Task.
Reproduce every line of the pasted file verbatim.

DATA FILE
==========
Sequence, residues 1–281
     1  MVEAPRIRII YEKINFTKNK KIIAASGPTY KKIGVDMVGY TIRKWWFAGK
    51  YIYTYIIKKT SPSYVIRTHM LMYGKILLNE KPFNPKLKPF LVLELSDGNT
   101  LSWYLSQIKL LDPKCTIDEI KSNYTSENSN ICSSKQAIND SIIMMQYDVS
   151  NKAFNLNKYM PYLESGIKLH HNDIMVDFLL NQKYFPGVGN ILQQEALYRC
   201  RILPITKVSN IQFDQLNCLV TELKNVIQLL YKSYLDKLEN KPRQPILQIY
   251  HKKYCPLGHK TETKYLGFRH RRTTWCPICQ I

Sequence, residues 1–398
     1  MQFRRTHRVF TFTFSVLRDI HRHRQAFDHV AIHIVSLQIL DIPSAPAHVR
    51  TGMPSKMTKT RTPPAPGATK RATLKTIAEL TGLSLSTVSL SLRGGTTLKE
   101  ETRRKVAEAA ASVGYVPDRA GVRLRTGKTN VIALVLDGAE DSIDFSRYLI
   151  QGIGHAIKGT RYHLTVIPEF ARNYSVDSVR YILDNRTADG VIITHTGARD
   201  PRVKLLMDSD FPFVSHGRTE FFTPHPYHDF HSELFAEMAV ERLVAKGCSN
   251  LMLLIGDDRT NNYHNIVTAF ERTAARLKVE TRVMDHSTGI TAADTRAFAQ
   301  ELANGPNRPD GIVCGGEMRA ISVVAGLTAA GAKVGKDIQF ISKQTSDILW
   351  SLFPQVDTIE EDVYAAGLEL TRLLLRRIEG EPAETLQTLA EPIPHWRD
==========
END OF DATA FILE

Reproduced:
Sequence, residues 1–281
     1  MVEAPRIRII YEKINFTKNK KIIAASGPTY KKIGVDMVGY TIRKWWFAGK
    51  YIYTYIIKKT SPSYVIRTHM LMYGKILLNE KPFNPKLKPF LVLELSDGNT
   101  LSWYLSQIKL LDPKCTIDEI KSNYTSENSN ICSSKQAIND SIIMMQYDVS
   151  NKAFNLNKYM PYLESGIKLH HNDIMVDFLL NQKYFPGVGN ILQQEALYRC
   201  RILPITKVSN IQFDQLNCLV TELKNVIQLL YKSYLDKLEN KPRQPILQIY
   251  HKKYCPLGHK TETKYLGFRH RRTTWCPICQ I

Sequence, residues 1–398
     1  MQFRRTHRVF TFTFSVLRDI HRHRQAFDHV AIHIVSLQIL DIPSAPAHVR
    51  TGMPSKMTKT RTPPAPGATK RATLKTIAEL TGLSLSTVSL SLRGGTTLKE
   101  ETRRKVAEAA ASVGYVPDRA GVRLRTGKTN VIALVLDGAE DSIDFSRYLI
   151  QGIGHAIKGT RYHLTVIPEF ARNYSVDSVR YILDNRTADG VIITHTGARD
   201  PRVKLLMDSD FPFVSHGRTE FFTPHPYHDF HSELFAEMAV ERLVAKGCSN
   251  LMLLIGDDRT NNYHNIVTAF ERTAARLKVE TRVMDHSTGI TAADTRAFAQ
   301  ELANGPNRPD GIVCGGEMRA ISVVAGLTAA GAKVGKDIQF ISKQTSDILW
   351  SLFPQVDTIE EDVYAAGLEL TRLLLRRIEG EPAETLQTLA EPIPHWRD